ACFHP ~ The Posttribulationalism of the New Testament

The fourth chapter in A Case for Historic Premillennialism is The Posttribulationalism of the New Testament, Leaving “Left Behind” Behind by Craig Blomberg.  This chapter has some good insights, but from my point of view being a PreWrather, the arguments set forth are some that I have actually debated against.  Also, since each chapter is an essay in and of itself, Blomberg covers ground that is set forth in other essays.  For instance, he discusses why he is a premillennialist as opposed to an amillennialist or postmillennialist.  This issue is covered in chapters 2, 3, 5, 6, and 7.  He also sets forth some of the issues already covered in the essay, Millennial Movements, in order for readers to adequately understand the debate between pretrib and posttrib.  He spends ten pages in setting up before he even begins to address the issue of a posttrib rapture.  However, in these opening pages he does point out that this rapture debate is not something in which the entire church is interested.  It is largely a debate within premillennialism itself.


So he asks the question, “But does it really matter?”  His answer is “yes and no.”  On the one hand, he sets forth the basic belief of the return of Christ being necessary for orthodoxy, but concerning the issues of the millennium, tribulation, and rapture, “surely we can agree to disagree in love over the particulars on which intelligent, godly, Bible-believing Christians have never achieved consensus and yet fellowship and work together at every level of Christian service and activity.”  On the other hand, he laments how “Christian counselors and therapists tell us that contemporary Americans may be the least theologically equipped generation in church history when it comes to dealing with personal and collective suffering and evil.”  This coupled with people coming up with bizarre theories on how the latest current events will usher in the end of the world, causes concern since “a frightening percentage of the evangelical Christian public seems always to suffer a collective amnesia, forgetting how the same kinds of publications just a decade or two earlier turned out to include a considerable amount of false prophecy.”  So with this two fold approach that it is both important, but it shouldn’t be divisive, Blomberg begins his actual study into the posttribulationalism of the New Testament.


Blomberg opens this section with a study on the use of the word thlipsis in the New Testament.  This word is translated tribulation, affliction, trouble, distress, or persecution and is the word which is used when the Bible speaks of The Great Tribulation.  This study of his is certainly worthwhile.  He concludes that the normative use of this word is that of the trouble or persecution that Christians endure because of their faith or the fallen world.  In the midst of thlipsis, Christians can have joy, know that it will not separate them from the love of Christ, and consider them light and momentary in comparison to an eternal perspective.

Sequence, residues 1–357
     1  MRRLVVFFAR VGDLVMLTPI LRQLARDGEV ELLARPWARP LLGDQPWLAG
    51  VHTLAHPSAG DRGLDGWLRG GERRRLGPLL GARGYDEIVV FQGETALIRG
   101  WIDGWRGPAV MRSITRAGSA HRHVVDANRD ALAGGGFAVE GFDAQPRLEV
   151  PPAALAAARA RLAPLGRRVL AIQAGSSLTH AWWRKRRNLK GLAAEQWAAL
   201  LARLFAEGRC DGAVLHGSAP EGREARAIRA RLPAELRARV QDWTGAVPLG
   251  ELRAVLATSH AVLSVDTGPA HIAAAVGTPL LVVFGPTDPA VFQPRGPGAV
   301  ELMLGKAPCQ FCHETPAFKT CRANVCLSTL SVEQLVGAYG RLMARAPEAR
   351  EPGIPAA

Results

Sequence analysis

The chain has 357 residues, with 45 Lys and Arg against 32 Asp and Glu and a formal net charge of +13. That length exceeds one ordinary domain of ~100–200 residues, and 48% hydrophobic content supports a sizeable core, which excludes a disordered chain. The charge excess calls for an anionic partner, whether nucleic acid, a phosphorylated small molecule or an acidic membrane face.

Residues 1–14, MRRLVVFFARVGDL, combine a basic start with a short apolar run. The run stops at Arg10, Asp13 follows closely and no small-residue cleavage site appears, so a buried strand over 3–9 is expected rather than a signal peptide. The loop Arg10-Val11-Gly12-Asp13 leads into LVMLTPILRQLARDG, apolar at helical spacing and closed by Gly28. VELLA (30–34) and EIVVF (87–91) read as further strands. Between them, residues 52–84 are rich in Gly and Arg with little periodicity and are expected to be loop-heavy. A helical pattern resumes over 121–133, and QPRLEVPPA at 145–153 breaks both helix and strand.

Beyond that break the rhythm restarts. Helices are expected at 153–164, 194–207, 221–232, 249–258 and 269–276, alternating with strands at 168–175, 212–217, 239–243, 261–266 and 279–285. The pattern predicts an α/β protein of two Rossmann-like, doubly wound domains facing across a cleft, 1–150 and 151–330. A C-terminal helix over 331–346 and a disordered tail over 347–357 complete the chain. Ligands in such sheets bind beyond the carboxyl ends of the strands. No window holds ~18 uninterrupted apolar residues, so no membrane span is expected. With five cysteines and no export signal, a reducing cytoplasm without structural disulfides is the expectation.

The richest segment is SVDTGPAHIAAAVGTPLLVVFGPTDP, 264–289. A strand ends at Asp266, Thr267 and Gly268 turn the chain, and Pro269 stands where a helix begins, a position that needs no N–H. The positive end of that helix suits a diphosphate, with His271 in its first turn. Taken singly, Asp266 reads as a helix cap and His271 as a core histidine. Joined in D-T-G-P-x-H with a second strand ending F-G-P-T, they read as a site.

At this point the author turns to the use of the word in relation to eschatology.  There must be a time of tribulation which is unequaled from the beginning and never to be equaled again.  But lest you think that this work on Historic Premillennialism is going to be Futurist, there are set forth other principles in this section which also include Preterist tendencies pointing to “a great tribulation” in 70A.D. along with including a Historicist viewpoint believing that from 70A.D. until the end of the age could rightly be included in this great tribulation.  While the author doesn’t define these different positions, these are the ideas that are portrayed as compatible with each other in one position.  Another point concerning the multitude that comes out of great tribulation in Revelation 7 is made to show that this multitude is parallel term for the 144,000.  Hence the author takes a symbolic approach to one of the few references to the term “great tribulation” dodging any firm commitment on the timing of this term.  It seems like the author is saying that all of them are true.  The great tribulation is an end times event, but it’s also a 70A.D. event and an ongoing experience for the church even today.


His point seems to be that if the church was present during 70A.D., and has been present all throughout tribulation against Christians up until the present time, they would also be included in an end times Great Tribulation.  It is a general concept set forth, but worth considering.  Against the backdrop of this basic foundation, the author then considers a couple of passages which pretribulationalists commonly use to defend their position.  Matthew 24:40-41 is commonly used to teach that those taken are spared from the judgement of the great tribulation.  But Blomberg takes the entire context to mean that those taken are taken for judgement.  “The flood came and took them all away” is the correct view of the one taken.  Christians will be the ones left to enjoy the millennium.  He then explains John 14:3 to be, not strictly heaven, but a new heavens, new earth, and a new Jerusalem.  So the place where Christ brings us to at His coming is the New Jerusalem with God’s eternal presence dwelling there.